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Bandelier National Monument Air Quality Information

Overview

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Bandelier National Monument, New Mexico
Bandelier National Monument (NM), located on the Pajarito Plateau in north-central New Mexico, was created in 1916 to protect the ancestral Pueblo dwellings in the area. In 1976, a large portion of the 32,737-acre monument was designated as Wilderness, in recognition of its unique and valuable natural resources. In 1977, the monument was designated a Class I air quality area, receiving the highest protection from air pollution. The climate is semi-arid and dominant vegetation communities include pinyon pine-juniper woodlands, ponderosa pine and mixed conifer forests, with openings of grassland, montane meadow, and aspen groves. Surface water is seasonally restricted to the upper portions of the canyon systems with only Rito del los Frijoles perennial to the Rio Grande which forms the eastern boundary of the monument.

Both local and distant air pollutant sources affect air quality in the monument. Large power plants and several gas processing facilities in nearby San Juan and McKinley counties are the largest nearby point sources of both sulfur dioxide and nitrogen oxides. Vehicles in the Santa Fe and Albuquerque metropolitan areas are also significant sources of nitrogen oxides. Emissions from these sources result in deposition of nitrogen and sulfur compounds in the monument; in addition, nitrogen oxides sources contribute to the formation of ozone that may affect air quality in the monument.

The air quality related values (AQRVs) of Bandelier NM are those resources that are potentially sensitive to air pollution, and include vegetation, wildlife, water quality, soils, visibility, and cultural resources.

At present, visibility has been identified as the most sensitive AQRV in the park. Visibility in the park is often impaired by light-scattering pollutants (haze). As part of the Interagency Monitoring of Protected Visual Environments (IMPROVE) network, visual air quality in Bandelier NM has been monitored using an aerosol sampler (March 1988 through the present), transmissometer (1988 through the present), and 35mm camera (1982 - 1985 and 1987 - 1995). The U.S. Environmental Protection Agency's new Regional Haze regulations require improving visibility in Class I air quality areas on both the best visibility (i.e., the 20 percent clearest days) and the worst visibility days (i.e., the 20 percent haziest days). An analysis of 1990-1999 data indicates that visibility has not significantly degraded or improved during that period.

Chemistry data indicate that surface waters in the monument are well-buffered and, therefore, not likely to be acidified by atmospheric deposition. Soils are also likely to well-buffered. There is no information available on the long-term effects (e.g., fertilization) of nitrogen deposition on waters or soils in the monument. In some parts of the country, nitrogen deposition has caused changes in soil nutrient cycling and vegetation species composition.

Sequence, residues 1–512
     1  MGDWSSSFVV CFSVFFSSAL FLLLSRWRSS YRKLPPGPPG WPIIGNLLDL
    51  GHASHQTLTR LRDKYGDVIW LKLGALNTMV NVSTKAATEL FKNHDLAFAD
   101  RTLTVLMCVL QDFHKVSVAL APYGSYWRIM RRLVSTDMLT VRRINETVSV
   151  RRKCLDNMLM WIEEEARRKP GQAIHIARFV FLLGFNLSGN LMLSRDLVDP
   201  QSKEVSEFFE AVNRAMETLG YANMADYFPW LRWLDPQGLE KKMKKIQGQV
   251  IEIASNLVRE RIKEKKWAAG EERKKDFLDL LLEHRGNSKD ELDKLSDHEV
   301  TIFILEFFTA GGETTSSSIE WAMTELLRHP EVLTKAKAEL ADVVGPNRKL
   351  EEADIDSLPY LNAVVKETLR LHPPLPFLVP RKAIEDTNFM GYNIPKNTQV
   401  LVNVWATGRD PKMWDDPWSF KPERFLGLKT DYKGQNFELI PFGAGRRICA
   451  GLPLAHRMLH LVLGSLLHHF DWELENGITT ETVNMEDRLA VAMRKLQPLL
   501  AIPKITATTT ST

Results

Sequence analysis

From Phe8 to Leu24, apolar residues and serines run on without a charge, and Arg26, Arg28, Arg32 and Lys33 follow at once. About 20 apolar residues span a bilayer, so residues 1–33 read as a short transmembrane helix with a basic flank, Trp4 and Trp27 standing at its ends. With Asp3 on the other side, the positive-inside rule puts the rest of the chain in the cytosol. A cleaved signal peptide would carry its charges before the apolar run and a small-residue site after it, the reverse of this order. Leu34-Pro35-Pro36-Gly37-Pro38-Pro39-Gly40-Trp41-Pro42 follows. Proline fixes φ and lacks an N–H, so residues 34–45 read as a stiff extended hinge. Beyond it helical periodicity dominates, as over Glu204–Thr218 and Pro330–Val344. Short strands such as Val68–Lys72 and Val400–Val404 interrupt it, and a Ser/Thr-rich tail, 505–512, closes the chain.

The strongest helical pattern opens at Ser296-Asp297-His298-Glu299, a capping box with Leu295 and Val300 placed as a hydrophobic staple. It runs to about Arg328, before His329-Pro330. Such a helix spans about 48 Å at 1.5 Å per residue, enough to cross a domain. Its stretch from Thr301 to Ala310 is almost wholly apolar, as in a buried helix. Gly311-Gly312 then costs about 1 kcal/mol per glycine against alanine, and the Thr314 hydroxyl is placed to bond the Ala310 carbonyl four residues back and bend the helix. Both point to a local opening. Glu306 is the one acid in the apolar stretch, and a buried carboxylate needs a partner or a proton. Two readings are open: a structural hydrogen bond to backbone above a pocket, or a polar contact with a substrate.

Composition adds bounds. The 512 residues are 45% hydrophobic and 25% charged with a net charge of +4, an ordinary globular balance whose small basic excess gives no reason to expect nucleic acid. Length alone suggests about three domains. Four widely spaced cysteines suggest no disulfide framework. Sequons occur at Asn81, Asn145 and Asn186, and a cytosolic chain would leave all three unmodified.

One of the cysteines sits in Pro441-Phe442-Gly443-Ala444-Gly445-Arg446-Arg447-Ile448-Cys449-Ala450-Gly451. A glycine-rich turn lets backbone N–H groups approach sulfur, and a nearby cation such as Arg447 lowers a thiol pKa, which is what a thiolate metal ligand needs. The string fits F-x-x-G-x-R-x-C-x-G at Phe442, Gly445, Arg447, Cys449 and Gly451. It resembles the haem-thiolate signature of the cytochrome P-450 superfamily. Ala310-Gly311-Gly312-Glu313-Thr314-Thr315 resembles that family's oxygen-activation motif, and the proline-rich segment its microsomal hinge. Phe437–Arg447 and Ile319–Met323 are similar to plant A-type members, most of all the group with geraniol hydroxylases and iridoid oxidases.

Wet deposition has been monitored in Bandelier NM since 1982 as part of the National Atmospheric Deposition Program/National Trends Network (NADP/NTN). The site ID is NM07. Rates of atmospheric deposition of nitrogen and sulfur in rain are relatively low in Bandelier. Trend lines developed by NADP indicate that since the early 1980's, wet sulfur deposition has decreased. Wet nitrate deposition has decreased somewhat, but wet ammonium deposition has increased slightly; as a result, total inorganic wet nitrogen deposition (nitrate plus ammonium) has stayed relatively constant.

Representative dry deposition data are not available for Bandelier NM.

Several plant species that occur in Bandelier NM are known to be sensitive to atmospheric ozone (e.g., aspen, Populus tremuloides) although the specific genotypes found in the monument have not been tested under controlled conditions for sensitivity.

Ozone-induced foliar injury has been documented on sensitive park vegetation during field surveys and in controlled fumigation studies. Physiological effects were also noted in the fumigation studies.

Ozone concentrations were monitored in Bandelier NM from 1990-1994. The concentrations measured fell within a range that may produce visible injury or growth effects on sensitive plant species. Ozone concentrations may be increasing; an analysis of 1990-1999 data indicate that, for several parks in the region (Grand Canyon, Canyonlands, and Mesa Verde NP's), concentrations have significantly increased. Vegetation in the park has not been evaluated systematically for ozone injury.

Sulfur dioxide concentrations were monitored from 1988-1992. Measured values were far below any threshold of suggested sensitivity for any plants.

Cultural resources in Bandelier NM may be sensitive to deposition of atmospheric pollutants. Limited research from Mesa Verde NP suggests that the mineralogy of the sandstone comprising many ancestral Pueblo structures in the region may be susceptible to acidic compounds, including sulfates and nitrates from the atmosphere.

Additional information relative to air quality and air quality related values at Bandelier NM is available in D. Binkley et al. 1997. Status of Air Quality and Related Values in Class I National Parks and Monuments of the Colorado Plateau. National Park Service. Denver, CO.

updated on 03/10/2008  I   http://www.nature.nps.gov/air/permits/aris/BAND/index.cfm   I  Email: Webmaster